Lighting and Color
Above we mention the role that faceting plays in revealing the beauty of a gem. However, the single most significant factor may well be the role that light plays in exhibiting the color of a gemstone. In fact, gems are cut and faceted in the shape and styles that the cutter believes will achieve the best results from the stone’s interaction with light in showcasing its attributes. Many factors influence the cutter’s decision, including the type of gem, shape and size of rough, etc.
The type of lighting used to illuminate a gem can affect the color and quality of color we see. Some consider natural daylight as a standard. However, daylight can vary depending on geographic location and time of day. A stone viewed in natural daylight in one location may look different when viewed in daylight in a different geographic location.
White light is critical in unlocking the colors we see. Light is a form of energy. White light is actually composed of individual colors ranging from violet through blue, green, yellow orange and red. When these different wavelengths are present in equal amounts, our eyes perceive it as being “white”. But if an object absorbs certain wavelengths more than others (selective absorption), the result is color. If one passes white light through a colored object, like a gemstone, any portions of the spectrum that are missing represent areas of absorption. It is these areas of absorption that result in visible color perceived by the eye. The primary causes of the color we see in gems can typically be attributed to impurities, charge transfer, or color centers. There are also other causes but for the purpose of this cursory explanation of the topic only these three common causes are discussed.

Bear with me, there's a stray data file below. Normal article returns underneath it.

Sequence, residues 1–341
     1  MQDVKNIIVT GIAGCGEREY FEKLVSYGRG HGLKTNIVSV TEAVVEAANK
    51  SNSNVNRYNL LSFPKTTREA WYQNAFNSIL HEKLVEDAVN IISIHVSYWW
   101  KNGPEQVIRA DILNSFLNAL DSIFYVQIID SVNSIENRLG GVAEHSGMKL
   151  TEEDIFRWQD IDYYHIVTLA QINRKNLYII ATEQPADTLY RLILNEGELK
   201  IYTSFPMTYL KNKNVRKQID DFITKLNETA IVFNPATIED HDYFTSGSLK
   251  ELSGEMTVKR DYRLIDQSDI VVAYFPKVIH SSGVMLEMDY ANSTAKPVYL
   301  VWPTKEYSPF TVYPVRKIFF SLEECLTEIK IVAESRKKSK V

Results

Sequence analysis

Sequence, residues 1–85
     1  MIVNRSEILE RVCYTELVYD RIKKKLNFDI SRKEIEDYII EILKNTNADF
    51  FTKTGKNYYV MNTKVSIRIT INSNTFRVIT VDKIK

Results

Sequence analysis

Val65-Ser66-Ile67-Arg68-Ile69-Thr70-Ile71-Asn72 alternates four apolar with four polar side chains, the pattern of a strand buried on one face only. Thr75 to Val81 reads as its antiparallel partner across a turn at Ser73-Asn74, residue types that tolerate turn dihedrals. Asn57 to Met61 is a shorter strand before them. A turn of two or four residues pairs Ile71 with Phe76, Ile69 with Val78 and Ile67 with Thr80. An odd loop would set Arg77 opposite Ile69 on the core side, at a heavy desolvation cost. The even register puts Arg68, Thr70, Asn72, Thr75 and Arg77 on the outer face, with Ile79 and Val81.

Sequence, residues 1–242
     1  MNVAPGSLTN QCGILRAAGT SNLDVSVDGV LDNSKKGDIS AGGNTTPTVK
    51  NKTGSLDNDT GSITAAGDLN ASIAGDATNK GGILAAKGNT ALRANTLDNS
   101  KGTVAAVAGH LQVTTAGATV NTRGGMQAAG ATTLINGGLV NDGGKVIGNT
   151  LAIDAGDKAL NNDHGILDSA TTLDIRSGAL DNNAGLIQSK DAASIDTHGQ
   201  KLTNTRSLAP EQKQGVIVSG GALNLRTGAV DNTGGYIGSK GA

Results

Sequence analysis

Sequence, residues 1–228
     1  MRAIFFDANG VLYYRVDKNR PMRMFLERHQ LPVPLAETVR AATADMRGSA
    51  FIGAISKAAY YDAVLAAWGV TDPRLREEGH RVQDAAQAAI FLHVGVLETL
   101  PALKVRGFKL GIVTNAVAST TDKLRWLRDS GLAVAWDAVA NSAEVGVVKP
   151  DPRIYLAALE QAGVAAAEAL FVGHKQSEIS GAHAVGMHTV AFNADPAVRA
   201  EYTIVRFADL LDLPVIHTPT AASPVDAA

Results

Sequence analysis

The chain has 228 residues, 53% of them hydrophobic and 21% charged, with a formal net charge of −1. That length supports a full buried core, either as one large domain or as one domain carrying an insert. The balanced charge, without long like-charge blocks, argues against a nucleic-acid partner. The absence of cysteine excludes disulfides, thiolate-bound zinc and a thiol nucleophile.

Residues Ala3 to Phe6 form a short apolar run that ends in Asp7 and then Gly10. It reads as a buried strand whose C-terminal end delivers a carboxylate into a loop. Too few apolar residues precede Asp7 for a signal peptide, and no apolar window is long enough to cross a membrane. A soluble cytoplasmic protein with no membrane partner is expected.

Impurities (trace elements not found in the pure mineral form) contained in a gemstone are responsible for the color we see. For example corundum is the species of mineral to which ruby and sapphire belong. In its pure form, corundum is colorless. However, when chromium impurities are trapped in the corundum during crystal formation the crystal exhibits a red color. The strength of color is dependent on the amount of the impurity(s) present. The same impurity will have different effects on different minerals. Chromium creates red in corundum (ruby) but green in beryl (emerald).
For a charge transfer to occur, a compound must have at least two elements in different and variable oxidation states. If this condition is present, it is possible for electrons to be swapped between two elements as energy from visible light is absorbed and transfers electrons from one atom to another. This can result in color formation of alternation.
Color centers are imperfections in the crystal lattice that cause color by absorption of light. The defects are usually the result of radiation damage. Many gemstones will exhibit different appearances when viewed in fluorescent and incandescent light. The energy wavelengths associated with these light sources differ from one another. In certain gems, by changing the light source, one can actually change the color of the gem. Alexandrite is an example of a gem that changes color from incandescent to fluorescent light. Many jewelry stores have bright halogen lights over the jewelry showcases. The intensity of these lights brings out the beauty of the gemstone. But if you would like to know what a gemstone is really going to look like in normal viewing conditions observe it away from the case where lighting is more subdued.